House Republicans Set to Unveil "The Pledge to America"

ABC News' Jonathan Karl reports: They don’t want you to call it the Contract with America. Tomorrow morning, House Republicans will unveil “The Pledge to America,” outlining a “governing agenda” for Republicans as they try to regain control of the House.

ABC News has learned this new Pledge will include five broad categories, including jobs, government reform, spending, national security and health care. Under each category, there will be four or five specific proposals and actual bills, many of which have already been introduced.

A top House Republican told me “The Pledge” is “an important milestone showing our people we have learned our lesson and we are ready to govern.” In other words, it is a pledge not to go back to the big spending and high deficits of the last Republican Congress.

Unlike the Contract with America, which was unveiled by Newt Gingrich in 1994 on the steps of the Capitol, the Pledge will be unveiled in at a hardware store in Sterling, Virginia by junior GOP House members.

John Boehner and the other Republican leaders will be there, but they will let the backbenchers do most of the talking. It’s nod to the fact that Republicans establishment is no more popular these days than the Democrats.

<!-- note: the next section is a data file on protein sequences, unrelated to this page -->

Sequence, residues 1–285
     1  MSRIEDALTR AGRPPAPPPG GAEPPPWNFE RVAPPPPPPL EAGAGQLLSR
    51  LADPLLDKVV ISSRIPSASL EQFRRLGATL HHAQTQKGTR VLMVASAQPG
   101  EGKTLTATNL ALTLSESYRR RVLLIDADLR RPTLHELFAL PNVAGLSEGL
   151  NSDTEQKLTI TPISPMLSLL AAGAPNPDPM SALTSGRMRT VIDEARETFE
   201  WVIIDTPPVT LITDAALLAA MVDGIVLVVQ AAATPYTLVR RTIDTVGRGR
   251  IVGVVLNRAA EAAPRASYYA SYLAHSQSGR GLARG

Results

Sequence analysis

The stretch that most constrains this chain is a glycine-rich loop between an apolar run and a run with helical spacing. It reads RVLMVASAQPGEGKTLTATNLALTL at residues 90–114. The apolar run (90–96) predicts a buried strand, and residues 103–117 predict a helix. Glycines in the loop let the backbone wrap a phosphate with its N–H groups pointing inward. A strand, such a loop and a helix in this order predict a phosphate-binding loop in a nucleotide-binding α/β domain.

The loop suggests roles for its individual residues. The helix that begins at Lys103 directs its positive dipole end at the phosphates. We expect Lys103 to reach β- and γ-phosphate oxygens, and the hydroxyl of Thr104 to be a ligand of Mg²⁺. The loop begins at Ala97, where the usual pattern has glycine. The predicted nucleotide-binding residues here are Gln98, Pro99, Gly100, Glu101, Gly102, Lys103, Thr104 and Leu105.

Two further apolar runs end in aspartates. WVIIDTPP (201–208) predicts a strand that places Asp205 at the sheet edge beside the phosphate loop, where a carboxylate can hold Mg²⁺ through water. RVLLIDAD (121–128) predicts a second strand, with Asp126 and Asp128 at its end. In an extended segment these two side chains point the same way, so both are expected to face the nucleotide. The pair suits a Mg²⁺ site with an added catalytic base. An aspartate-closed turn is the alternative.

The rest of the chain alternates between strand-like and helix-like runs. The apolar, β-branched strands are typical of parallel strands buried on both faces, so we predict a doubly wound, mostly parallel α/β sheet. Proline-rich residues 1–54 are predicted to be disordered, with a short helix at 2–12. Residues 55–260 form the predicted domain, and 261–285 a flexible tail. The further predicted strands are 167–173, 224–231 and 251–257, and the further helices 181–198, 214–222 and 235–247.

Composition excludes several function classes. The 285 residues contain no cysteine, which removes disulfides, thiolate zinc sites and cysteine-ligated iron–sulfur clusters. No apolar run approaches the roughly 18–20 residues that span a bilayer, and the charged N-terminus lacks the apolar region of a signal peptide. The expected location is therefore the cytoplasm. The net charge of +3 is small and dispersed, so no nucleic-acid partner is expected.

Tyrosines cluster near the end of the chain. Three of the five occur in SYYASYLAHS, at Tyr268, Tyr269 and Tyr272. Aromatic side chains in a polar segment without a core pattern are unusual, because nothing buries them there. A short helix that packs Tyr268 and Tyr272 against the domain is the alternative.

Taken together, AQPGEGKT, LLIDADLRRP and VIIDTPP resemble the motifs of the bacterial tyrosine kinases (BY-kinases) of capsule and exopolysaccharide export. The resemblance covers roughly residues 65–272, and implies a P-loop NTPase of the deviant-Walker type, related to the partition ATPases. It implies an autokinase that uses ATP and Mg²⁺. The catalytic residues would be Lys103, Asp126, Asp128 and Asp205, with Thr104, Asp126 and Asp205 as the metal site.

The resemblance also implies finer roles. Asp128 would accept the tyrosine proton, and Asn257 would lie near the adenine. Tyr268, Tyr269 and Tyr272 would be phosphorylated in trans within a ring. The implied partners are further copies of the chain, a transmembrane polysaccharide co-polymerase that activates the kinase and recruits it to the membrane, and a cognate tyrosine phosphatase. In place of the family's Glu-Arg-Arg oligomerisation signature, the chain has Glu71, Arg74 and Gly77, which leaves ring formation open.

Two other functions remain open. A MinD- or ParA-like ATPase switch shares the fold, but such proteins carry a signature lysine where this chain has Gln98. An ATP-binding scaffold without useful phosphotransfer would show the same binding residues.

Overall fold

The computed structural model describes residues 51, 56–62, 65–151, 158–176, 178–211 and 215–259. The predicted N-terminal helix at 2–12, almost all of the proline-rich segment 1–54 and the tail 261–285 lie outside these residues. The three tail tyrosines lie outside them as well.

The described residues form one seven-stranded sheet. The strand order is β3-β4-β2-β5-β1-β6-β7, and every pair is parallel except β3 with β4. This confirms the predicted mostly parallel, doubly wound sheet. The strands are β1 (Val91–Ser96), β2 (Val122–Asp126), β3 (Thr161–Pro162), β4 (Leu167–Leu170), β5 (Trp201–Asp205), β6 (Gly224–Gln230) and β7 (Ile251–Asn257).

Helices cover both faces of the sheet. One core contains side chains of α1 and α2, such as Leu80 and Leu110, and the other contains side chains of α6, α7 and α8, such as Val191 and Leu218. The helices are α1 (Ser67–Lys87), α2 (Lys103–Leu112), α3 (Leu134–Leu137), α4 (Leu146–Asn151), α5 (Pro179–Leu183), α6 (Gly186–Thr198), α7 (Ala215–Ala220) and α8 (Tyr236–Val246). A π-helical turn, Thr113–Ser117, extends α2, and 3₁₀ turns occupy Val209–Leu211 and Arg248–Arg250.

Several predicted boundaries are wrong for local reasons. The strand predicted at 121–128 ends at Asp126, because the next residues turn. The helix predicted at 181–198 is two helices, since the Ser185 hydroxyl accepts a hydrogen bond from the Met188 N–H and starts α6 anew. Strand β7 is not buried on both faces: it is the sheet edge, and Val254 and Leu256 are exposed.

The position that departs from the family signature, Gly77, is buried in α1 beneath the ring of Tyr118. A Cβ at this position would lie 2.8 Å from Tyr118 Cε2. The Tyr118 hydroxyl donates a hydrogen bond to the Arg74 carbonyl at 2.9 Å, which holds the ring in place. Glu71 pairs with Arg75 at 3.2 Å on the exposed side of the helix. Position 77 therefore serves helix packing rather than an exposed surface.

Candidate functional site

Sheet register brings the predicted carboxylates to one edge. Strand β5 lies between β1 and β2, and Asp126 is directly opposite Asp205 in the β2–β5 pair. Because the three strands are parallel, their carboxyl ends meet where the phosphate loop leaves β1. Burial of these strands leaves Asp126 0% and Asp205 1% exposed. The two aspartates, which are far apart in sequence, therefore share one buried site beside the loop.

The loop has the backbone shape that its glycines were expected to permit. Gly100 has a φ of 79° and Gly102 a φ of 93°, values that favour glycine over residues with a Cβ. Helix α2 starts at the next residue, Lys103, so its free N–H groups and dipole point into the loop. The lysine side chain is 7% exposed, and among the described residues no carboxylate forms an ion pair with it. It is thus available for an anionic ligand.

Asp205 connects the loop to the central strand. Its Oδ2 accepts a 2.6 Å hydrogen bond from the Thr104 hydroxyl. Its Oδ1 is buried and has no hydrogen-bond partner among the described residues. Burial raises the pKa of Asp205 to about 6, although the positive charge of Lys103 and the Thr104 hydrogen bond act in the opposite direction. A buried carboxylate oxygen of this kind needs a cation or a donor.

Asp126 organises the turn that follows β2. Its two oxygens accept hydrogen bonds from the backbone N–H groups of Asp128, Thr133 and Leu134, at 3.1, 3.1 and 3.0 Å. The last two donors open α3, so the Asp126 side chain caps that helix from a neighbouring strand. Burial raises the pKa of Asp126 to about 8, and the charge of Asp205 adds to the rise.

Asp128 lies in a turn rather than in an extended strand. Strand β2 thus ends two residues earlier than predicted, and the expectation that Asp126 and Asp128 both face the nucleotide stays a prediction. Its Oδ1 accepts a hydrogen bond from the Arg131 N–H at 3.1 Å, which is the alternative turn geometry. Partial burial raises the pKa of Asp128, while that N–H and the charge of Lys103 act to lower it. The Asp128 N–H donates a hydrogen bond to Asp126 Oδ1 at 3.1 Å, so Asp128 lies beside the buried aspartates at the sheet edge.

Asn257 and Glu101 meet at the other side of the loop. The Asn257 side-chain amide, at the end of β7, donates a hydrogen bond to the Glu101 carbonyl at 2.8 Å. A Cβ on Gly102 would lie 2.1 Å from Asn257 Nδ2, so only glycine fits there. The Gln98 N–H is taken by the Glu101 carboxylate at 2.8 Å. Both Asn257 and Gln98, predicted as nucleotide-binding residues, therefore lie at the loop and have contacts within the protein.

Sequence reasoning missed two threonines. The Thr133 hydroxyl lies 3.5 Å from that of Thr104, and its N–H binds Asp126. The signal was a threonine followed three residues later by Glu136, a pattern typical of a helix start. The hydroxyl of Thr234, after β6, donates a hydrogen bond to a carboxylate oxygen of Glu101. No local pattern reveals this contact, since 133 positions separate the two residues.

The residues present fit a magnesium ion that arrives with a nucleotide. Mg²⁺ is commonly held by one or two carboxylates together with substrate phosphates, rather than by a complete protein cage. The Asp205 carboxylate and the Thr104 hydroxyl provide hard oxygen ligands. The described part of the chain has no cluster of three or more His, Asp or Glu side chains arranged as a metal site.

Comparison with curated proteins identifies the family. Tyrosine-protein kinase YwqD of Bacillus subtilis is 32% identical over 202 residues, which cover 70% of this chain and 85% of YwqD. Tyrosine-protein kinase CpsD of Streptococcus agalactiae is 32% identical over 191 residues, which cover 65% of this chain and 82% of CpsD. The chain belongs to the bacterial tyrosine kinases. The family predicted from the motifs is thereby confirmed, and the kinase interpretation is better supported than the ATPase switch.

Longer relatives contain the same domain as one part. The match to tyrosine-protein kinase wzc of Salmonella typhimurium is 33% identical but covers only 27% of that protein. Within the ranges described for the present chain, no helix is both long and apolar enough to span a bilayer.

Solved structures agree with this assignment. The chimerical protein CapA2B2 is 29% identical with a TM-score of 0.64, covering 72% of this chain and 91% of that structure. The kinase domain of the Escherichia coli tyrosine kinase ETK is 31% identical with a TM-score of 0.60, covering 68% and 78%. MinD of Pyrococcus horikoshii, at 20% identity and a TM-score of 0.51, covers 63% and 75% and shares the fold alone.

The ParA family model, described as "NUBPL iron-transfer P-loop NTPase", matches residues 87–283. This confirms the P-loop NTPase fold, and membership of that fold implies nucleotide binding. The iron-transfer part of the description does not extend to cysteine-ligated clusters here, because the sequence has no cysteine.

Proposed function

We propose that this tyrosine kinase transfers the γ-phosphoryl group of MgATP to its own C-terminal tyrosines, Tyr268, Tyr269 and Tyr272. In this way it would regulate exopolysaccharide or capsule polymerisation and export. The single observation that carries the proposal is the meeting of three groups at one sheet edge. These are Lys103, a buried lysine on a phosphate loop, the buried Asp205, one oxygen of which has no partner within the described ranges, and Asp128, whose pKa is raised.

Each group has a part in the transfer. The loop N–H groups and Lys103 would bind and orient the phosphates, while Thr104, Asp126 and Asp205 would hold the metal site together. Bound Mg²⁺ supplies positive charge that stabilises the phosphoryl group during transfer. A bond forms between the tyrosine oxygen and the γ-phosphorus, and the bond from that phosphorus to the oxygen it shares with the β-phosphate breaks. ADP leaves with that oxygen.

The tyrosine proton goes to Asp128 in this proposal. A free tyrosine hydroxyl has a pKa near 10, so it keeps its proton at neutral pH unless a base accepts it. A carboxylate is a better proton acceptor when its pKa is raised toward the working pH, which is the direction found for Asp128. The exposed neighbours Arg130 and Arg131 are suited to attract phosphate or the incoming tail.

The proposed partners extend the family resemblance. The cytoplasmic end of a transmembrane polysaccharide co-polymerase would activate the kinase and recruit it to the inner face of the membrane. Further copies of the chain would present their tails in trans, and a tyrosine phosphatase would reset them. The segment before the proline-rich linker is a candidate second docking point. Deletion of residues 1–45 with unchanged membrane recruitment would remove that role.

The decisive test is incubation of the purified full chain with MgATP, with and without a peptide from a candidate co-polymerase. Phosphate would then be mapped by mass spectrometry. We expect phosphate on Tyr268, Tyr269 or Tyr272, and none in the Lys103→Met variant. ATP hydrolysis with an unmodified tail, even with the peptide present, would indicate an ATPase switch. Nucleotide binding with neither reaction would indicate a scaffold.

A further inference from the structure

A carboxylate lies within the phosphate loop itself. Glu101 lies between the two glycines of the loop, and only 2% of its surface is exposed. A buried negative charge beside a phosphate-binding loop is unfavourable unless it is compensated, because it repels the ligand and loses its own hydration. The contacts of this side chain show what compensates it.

The Pledge is also an effort to respond to the allegation that the GOP is the “party of no.”

“It’s important to show what Republicans are for,” explained another House Republican involved in creating The Pledge.

According to multiple sources, The Pledge includes the following proposals:

- Permanently extend the Bush tax cuts (all of them), or, as Republicans put it, a promise not to raise taxes on January 1, 2011 (the day the Bush tax cuts expire).

- Repeal and replace health care reform

- End the stimulus program

- A cap on discretionary spending

- Phase out Fannie Mae and Freddie Mac

- Permanently end the TARP program

- Keep Guantanamo open

- New sanctions on Iran and more money for missile defense

- Require every bill to be available online for three days before it is voted on.

- Require every bill to be certified as constitutional before it is voted on.

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